March 2012

Document Type


Degree Name



Dept. of Cell and Developmental Biology


Oregon Health & Science University


Many inborn errors of metabolism are caused by deficiencies in hepatic enzymes, thereby making whole orthotopic liver transplantation an effective therapy for these conditions. However, few patients benefit from or even undergo this procedure due to the limited availability of donor organs, the high cost and significant morbidity and mortality associated with the procedure, as well as the long-term requirement for immune suppression. Most pediatric metabolic diseases are caused by a specific loss-of-function in only hepatocytes with otherwise normal liver anatomical structure. This is in contrast to many adult liver disorders treated with whole liver transplant where severe anatomical abnormalities have accumulated that obstruct proper liver function. Thus, many pediatric patients with metabolic disease have little need for whole organ transplant and would benefit from restoration of enzymatic function through gene therapeutic approaches or hepatocyte replacement via cell transplantation. My thesis attempts to address both of these potential therapeutic strategies. In Chapter 2, I provide the first proof-of-principle data establishing that recombinant adeno-associated viral (rAAV) vectors are capable of functional correction of a metabolic liver disease in vivo through a gene targeting approach. This work was the first to demonstrate the stability of gene targeting in both neonatal and adult mice using two different pseudotyped rAAV serotypes, rAAV2/2 and rAAV2/8. Furthermore, this work established the functional time course for correction using both serotypes of rAAV at a range of viral doses. In Chapter 3, I expand upon my established rAAV gene targeting paradigm from Chapter 2 and demonstrate increased gene targeting capabilities through transient use of the pharmacologics vanillin or bortezomib. The natural product vanillin acts as a potent inhibitor of the undesired repair pathway nonhomologous end-joining (NHEJ) by inhibiting the protein kinase DNA-PK. Bortezomib is a proteasomal inhibitor that prevents AAV capsid degradation. Broadly, this study was the first to show the potential clinical benefit of inhibiting a non-desired DNA repair pathway for increasing AAV-mediated gene targeting with an animal model of any disease in a clinically relevant manner. More specifically, this work was the first to show the benefits of transient NHEJ inhibition with vanillin at improving AAV mediated gene targeting for an in vivo mouse model of hereditary tyrosinemia type I (HTI) to near therapeutic levels. In Chapter 4, I describe the use of a small molecule agent to transiently apply positive selection for transplanted hepatocytes. Most liver diseases lack the advantage of positive selection, thus the ability to transiently apply positive selection for correction of liver disorders would represent a major advance. The small molecule 4-[(2-carboxyethyl)-hydroxyphosphinyl]-3-oxobutyrate (CEHPOBA) was tested both in vitro and in vivo for its ability to inhibit target pathways. As proof of principle, we attempted to positively select hepatocytes genetically resistant to CEHPOBA by transplanting into wild-type recipients along with CEHPOBA treatment. Time course analyses with 3-5 week courses of CEHPOBA following transplantation showed a linear relationship between treatment length and degree of repopulation. Compared to controls, CEHPOBA-treated recipients had 10-100 fold increases in liver repopulation. This work established that selective repopulation in a non-selective wild-type liver through transplant of genetically resistant hepatocytes and daily administration of the pharmacological inhibitor CEHPOBA could provide transient selection to donor hepatocytes in vivo. Based on these findings, it is thought that the combination of transient shRNA knockdown of upstream enzymatic targets in donor cells, hepatocyte transplantation and drug treatment with CEHPOBA could constitute a new path for future therapeutic liver repopulation.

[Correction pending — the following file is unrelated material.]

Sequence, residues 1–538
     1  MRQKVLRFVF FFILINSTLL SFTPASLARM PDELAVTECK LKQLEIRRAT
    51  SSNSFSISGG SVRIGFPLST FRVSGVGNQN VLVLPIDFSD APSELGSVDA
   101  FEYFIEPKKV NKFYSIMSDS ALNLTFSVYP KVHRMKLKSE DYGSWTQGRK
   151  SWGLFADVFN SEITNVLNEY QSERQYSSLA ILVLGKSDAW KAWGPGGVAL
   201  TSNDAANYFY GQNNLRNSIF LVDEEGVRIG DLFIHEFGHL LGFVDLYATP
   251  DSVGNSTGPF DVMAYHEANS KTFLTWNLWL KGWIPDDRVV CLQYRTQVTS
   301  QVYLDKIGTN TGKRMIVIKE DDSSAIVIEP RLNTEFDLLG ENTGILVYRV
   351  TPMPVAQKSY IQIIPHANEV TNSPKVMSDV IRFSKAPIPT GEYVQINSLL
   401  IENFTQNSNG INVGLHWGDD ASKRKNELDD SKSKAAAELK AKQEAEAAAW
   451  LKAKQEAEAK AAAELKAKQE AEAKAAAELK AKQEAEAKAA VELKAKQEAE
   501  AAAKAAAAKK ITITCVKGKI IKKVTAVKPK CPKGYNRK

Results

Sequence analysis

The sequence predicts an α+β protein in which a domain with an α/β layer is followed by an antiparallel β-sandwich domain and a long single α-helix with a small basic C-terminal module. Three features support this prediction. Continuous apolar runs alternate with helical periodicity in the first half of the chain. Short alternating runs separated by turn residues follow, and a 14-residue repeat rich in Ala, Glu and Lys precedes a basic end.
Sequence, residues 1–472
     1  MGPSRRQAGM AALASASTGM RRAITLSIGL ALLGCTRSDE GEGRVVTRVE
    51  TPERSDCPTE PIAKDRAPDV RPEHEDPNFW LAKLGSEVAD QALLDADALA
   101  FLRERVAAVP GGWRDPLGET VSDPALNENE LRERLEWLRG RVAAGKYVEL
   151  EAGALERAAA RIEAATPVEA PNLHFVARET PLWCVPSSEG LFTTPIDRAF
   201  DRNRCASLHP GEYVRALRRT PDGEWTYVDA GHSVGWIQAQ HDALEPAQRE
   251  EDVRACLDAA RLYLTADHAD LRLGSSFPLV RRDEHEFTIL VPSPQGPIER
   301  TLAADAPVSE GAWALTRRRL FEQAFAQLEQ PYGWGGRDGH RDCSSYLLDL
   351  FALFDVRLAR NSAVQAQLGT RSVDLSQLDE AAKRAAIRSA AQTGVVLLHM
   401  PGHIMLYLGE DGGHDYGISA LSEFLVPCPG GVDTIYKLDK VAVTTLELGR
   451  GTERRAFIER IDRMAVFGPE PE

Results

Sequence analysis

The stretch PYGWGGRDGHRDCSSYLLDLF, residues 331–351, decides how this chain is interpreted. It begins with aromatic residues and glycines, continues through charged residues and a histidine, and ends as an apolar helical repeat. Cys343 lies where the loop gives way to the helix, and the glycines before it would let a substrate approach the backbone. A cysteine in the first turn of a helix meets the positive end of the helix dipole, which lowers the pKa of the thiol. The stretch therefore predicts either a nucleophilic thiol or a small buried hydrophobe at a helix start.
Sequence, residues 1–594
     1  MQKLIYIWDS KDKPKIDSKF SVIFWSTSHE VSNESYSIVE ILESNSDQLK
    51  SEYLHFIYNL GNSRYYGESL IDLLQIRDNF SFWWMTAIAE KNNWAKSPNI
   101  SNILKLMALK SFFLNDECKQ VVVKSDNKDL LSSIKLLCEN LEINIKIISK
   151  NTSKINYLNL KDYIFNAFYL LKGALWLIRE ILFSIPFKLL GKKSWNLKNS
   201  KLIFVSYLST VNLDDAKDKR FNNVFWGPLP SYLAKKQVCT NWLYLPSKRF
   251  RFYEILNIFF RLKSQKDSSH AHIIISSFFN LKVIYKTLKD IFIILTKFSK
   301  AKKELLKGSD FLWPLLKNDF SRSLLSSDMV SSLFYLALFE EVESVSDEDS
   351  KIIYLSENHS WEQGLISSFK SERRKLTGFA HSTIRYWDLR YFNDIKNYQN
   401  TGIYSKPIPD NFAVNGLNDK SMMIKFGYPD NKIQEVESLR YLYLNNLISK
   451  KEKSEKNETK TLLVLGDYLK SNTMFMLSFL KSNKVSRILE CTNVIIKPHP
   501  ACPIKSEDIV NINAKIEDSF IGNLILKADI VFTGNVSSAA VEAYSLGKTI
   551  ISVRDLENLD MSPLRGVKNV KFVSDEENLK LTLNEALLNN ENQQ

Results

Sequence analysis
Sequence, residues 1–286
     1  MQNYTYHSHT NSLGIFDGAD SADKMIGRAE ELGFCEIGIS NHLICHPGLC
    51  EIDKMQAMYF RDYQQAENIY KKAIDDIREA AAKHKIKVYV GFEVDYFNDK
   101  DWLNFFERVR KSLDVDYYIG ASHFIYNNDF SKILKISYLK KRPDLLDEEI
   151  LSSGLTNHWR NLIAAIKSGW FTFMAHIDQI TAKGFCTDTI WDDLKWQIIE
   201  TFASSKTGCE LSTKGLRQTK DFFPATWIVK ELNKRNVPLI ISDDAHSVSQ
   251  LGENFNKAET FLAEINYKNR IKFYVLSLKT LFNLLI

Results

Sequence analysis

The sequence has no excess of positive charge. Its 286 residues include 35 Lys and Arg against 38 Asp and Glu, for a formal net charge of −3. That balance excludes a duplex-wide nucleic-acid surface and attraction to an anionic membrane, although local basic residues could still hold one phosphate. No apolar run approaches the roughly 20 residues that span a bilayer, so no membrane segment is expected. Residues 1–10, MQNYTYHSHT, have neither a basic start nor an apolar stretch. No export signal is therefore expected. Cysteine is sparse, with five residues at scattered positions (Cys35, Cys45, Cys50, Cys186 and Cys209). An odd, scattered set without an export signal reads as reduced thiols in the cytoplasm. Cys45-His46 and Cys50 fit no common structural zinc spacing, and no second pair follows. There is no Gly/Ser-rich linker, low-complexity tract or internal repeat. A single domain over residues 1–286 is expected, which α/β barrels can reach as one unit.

School of Medicine



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